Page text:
To create carbon, these ingredients need to be heated to thousands of degrees centigrade, which gets rid of the impurities and chemicals you don’t want, as well as increasing the surface area. Surface area is essential, as the more you have, the more your carbon can interact with water and the more chemicals it can remove.
For filters, it’s generally accepted that carbon made from bituminous coal is the best. In fact, it’s the choice of water purifiers the world over, and if you have a BRITA filter, then you can bet your boots you’ll have this kind of carbon inside it.
Carbon dioxide is sometimes harvested from furnaces, breweries and other ‘recapture’ sources but is also the by-product of burning coke. It can even be made with certain chemical reactions, when acids meet base substances. The kinds of carbon found in solid carbon pellets are often specifically processed starches created in laboratory calibre conditions.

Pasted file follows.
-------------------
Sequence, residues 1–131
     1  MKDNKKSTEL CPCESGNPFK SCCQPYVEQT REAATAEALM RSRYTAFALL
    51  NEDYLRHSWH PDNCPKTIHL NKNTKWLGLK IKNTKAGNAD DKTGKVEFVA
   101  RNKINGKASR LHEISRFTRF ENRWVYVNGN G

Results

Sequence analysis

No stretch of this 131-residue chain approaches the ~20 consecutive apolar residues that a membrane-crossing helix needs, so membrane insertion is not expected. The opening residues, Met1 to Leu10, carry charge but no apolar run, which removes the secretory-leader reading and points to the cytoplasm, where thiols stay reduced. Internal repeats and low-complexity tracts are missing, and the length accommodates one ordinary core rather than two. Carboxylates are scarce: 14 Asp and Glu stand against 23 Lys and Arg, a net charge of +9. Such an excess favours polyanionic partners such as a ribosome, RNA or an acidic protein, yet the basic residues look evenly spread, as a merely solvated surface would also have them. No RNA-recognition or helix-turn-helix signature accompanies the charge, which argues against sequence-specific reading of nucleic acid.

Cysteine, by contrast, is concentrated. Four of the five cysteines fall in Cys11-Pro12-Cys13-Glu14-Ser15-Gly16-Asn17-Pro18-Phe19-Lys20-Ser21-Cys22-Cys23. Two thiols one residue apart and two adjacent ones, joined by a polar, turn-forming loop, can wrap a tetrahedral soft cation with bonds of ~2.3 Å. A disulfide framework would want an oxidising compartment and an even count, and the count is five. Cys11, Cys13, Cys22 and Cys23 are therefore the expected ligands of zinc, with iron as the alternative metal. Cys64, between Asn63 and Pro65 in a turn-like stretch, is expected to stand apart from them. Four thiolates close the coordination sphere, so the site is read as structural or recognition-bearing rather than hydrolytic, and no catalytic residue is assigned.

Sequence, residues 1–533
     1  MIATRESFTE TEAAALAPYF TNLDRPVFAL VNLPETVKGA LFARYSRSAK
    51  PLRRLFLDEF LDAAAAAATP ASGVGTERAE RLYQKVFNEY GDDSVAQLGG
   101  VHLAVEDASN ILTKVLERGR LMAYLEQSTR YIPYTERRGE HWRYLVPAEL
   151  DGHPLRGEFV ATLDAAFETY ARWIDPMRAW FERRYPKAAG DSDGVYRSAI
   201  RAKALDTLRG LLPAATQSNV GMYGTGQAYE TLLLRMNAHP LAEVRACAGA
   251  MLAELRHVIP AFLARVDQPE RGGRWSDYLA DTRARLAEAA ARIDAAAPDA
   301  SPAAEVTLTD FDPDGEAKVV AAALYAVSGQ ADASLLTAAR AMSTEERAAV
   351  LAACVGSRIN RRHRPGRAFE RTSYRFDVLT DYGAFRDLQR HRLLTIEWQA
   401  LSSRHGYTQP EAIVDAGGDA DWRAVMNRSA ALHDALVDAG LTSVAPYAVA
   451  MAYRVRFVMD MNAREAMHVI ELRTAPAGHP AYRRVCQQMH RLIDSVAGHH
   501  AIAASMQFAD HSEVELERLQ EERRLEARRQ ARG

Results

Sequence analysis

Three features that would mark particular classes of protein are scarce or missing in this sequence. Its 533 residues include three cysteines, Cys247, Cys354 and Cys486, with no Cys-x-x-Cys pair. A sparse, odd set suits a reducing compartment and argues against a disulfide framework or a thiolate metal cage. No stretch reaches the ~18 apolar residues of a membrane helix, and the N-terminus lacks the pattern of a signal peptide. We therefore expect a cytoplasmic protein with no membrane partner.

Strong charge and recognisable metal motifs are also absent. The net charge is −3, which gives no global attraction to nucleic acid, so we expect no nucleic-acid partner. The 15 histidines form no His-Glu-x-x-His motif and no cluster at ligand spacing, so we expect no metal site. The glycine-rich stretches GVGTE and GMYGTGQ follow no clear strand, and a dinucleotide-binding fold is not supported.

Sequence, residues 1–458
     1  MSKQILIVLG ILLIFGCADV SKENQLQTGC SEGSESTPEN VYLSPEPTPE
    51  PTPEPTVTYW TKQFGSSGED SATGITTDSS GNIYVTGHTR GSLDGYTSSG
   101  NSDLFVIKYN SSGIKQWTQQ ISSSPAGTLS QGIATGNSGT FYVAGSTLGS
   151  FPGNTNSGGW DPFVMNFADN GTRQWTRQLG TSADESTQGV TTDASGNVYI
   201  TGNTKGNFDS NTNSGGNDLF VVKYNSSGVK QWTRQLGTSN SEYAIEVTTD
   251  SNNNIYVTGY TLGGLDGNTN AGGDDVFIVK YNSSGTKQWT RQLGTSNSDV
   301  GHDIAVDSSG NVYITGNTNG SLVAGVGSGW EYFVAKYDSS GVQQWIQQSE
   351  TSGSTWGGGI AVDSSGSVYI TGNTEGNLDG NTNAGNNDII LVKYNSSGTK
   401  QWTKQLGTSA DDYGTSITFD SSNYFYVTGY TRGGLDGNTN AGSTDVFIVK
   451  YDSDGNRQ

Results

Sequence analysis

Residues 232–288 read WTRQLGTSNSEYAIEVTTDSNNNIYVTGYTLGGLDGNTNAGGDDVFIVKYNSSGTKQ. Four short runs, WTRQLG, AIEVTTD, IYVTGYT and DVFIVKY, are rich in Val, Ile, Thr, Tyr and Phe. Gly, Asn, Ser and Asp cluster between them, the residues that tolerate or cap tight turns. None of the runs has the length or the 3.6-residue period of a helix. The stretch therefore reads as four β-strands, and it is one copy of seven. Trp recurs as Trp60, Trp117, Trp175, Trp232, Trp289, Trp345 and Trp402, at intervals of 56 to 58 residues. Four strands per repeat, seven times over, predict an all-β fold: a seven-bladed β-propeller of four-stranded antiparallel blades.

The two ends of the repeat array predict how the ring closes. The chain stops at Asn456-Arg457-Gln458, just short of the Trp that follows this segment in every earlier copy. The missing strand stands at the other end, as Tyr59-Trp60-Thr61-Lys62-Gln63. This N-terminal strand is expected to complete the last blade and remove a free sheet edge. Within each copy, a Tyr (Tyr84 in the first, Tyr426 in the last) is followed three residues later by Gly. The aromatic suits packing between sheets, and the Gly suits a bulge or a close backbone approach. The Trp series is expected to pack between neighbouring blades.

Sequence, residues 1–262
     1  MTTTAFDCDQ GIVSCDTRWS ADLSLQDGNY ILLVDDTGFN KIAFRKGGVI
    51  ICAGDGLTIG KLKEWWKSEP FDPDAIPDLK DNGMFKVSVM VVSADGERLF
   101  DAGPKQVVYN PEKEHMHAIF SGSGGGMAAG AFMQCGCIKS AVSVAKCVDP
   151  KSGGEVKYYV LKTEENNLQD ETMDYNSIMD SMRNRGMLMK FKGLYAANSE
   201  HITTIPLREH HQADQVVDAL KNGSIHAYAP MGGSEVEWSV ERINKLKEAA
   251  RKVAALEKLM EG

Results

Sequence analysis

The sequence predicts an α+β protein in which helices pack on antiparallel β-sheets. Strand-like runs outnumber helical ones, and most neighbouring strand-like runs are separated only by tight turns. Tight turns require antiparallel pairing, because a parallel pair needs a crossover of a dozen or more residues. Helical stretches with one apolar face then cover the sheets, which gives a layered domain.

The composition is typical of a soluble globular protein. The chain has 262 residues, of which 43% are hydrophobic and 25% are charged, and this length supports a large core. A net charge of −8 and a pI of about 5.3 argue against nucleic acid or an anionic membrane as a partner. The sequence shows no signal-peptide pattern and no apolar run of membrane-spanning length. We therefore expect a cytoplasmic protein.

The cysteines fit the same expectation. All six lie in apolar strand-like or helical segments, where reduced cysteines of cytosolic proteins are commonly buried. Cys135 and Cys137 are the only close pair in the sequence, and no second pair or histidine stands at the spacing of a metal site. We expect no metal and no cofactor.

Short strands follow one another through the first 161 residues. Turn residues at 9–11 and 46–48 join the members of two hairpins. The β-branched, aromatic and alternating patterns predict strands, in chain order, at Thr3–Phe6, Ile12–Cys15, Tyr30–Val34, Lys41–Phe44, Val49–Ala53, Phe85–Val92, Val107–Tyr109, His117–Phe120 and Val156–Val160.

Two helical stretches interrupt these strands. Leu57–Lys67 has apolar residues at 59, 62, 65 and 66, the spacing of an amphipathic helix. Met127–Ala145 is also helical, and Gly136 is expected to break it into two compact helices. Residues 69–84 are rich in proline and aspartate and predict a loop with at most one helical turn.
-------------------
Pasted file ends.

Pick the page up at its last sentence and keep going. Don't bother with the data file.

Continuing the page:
Can carbon be reactivated in the oven?
No. The myth goes that you can place your old carbon in the oven, turn it up to full heat for a few hours and the carbon refreshes. Unless you have an oven that goes up to 2,000°C or more and have access to facilitators like acid and oxygen, then it’ll do nothing. Besides, who can afford to run an oven like that with today’s energy costs?
Didn’t you say it removes organics? What about trace elements?
Admittedly, it’s not just organic chemicals that carbon removes, and as such it has been implicated as a cause of problems to some fish, even as the cause of a disease.
It’s true that carbon is unselective in what it removes. But because of this, it’s had the finger pointed at it for removing trace elements and even micronutrients that fish need. One spurious extrapolation of this idea is that carbon might even cause head and lateral line erosion (HLLE) or hole in the head (HITH) disease. This was touted as mantra by many aquarists for years until further research suggested that it might instead be certain ferrous chemicals used in phosphate removers that were causing the problem.